1) At the Tablet, Matti Friedman discusses media cooperation with repressive regimes.
“Western news organizations that maintain a presence in countries like Iran and Saudi Arabia, for example, make compromises in return for access and almost never tell readers what those compromises are. The result, in many cases, is something worse than no coverage—it’s something that looks like coverage, but is actually misinformation, giving people the illusion that they know what’s going on instead of telling them outright that they’re getting information shaped by regimes trying to mislead them. […]
The most relevant example from my own experience as an AP correspondent in Jerusalem between 2006 and 2011 is Gaza, which is controlled by Hamas, and where the AP has a sub-bureau. Running that sub-bureau requires both passive and active cooperation with Hamas. To give one example of many, during the Israel-Hamas war that erupted at the end of 2008, our local Palestinian reporter in Gaza informed the news desk in Jerusalem that Hamas fighters were dressed as civilians and were being counted as civilians in the death toll—a crucial detail. A few hours later, he called again and asked me to strike the detail from the story, which I did personally; someone had clearly spoken to him, and the implication was that he was at risk. […]
From that moment on, more or less, AP’s coverage from Gaza became a quiet collaboration with Hamas. Certain rules were made clear to the local staffers in Gaza, and those of us outside Gaza were warned not to put our Gazan staff at risk. Our coverage shifted accordingly, though we never informed our readers. Hamas military actions were left vague or ignored, while the effects of Israeli actions were reported at length, giving the impression of wanton Israeli aggression, just as Hamas wanted.”
2) Yaakov Lappin has a useful backgrounder on the Palestinian Islamic Jihad with a link to further information.
“In Gaza, Palestinian Islamic Jihad (PIJ) is a quarter of the size of Hamas, but that has not stopped it from running its own rocket production centers, digging tunnels, training and arming its operatives.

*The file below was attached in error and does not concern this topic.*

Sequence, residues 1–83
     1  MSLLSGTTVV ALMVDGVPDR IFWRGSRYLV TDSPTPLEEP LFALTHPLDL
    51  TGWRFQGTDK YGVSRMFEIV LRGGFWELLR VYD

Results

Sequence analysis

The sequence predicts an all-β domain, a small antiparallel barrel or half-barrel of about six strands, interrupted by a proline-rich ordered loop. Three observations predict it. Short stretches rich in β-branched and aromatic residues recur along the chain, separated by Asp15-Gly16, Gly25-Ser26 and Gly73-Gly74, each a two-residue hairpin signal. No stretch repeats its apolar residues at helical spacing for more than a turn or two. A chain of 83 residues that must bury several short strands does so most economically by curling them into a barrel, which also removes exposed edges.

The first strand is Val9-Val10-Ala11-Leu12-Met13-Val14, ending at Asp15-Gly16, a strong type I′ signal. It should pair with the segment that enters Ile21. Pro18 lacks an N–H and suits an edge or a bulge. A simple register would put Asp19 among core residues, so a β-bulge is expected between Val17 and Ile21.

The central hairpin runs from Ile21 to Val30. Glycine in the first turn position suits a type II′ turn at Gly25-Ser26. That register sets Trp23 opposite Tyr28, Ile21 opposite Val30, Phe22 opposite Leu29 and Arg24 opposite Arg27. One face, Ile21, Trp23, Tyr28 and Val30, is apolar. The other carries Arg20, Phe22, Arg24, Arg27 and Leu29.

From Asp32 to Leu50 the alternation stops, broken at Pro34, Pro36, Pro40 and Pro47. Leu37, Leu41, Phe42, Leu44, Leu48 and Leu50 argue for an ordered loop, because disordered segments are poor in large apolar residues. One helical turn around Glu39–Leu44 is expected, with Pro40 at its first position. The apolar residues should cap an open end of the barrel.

Iranian assistance enables PIJ to be Gaza’s second biggest terrorist army. Ideologically, it is significantly closer to Tehran than Hamas. And unlike Hamas, PIJ faces none of the dilemas of sovereignty and governance over Gaza’s two million people.”
“Unfortunately, the goals of strengthening the Lebanese state and disarming Hezbollah are at odds with each other. Hezbollah has completed its takeover of the Lebanese state, including and especially its political institutions and the Lebanese Armed Forces (LAF), along with other security agencies. Strengthening the Lebanese state today means strengthening Hezbollah.
Hezbollah’s control over Lebanon ensures that counting on the “Lebanese state” to disarm Hezbollah is a non-starter. The function of the Lebanese government is to defend Hezbollah, and to align its policies with the preferences of the group and of its patrons in Tehran.”
4) At the Tower, Seth Frantzman also takes a look at Hizballah and Lebanon – seventeen years after Israel’s withdrawal from south Lebanon.
“May 24 marked 17 years since Israel withdrew from southern Lebanon. The border is quiet now, but every day brings news of ill winds blowing from the north. In early May a man infiltrated Israel from Lebanon and wandered into the northern Israeli town of Kiryat Shmona before being apprehended—an incident that rocked the Israeli defense establishment. Reports indicate that new fencing costing 100 million NIS will be put up along the border, similar to the “smart fences” on the borders with Jordan, Egypt, and Gaza.
As Israel upgrades the fence, the terrorist group Hezbollah is ensconced in Beirut with more power and legitimacy than ever. On May 11 the group’s leader Hassan Nasrallah played the pragmatic moderate as he sought to allay Christian Maronite concerns over new elections. The Lebanese parliament’s term expires on June 20 and Christians fear their power is being eroded. Nasrallah isn’t worried, because for all intents and purposes his dream of being the main political and military power in Lebanon has come true. […]
The problem in Lebanon is that both the Christian and Sunni opposition are neutered. They gave up their weapons after the civil war and allowed Hezbollah to keep theirs. The likelihood that Jihadist and Salafi networks will put down roots in Lebanon grows in response to the power of Hezbollah. Whatever fantasies Israel once had for an alliance with Lebanese Christians and the idea that Lebanon, a formerly peaceful country seen as the “Paris” or “Switzerland” of the Levant, could be a good neighbor, is gone forever. Hezbollah will only grow. It is a key Iranian asset, one that is indispensable in the Syrian civil war. Nasrallah has taken to commenting on crises in Yemen and elsewhere, looking beyond Lebanon in hopes of playing a regional role.”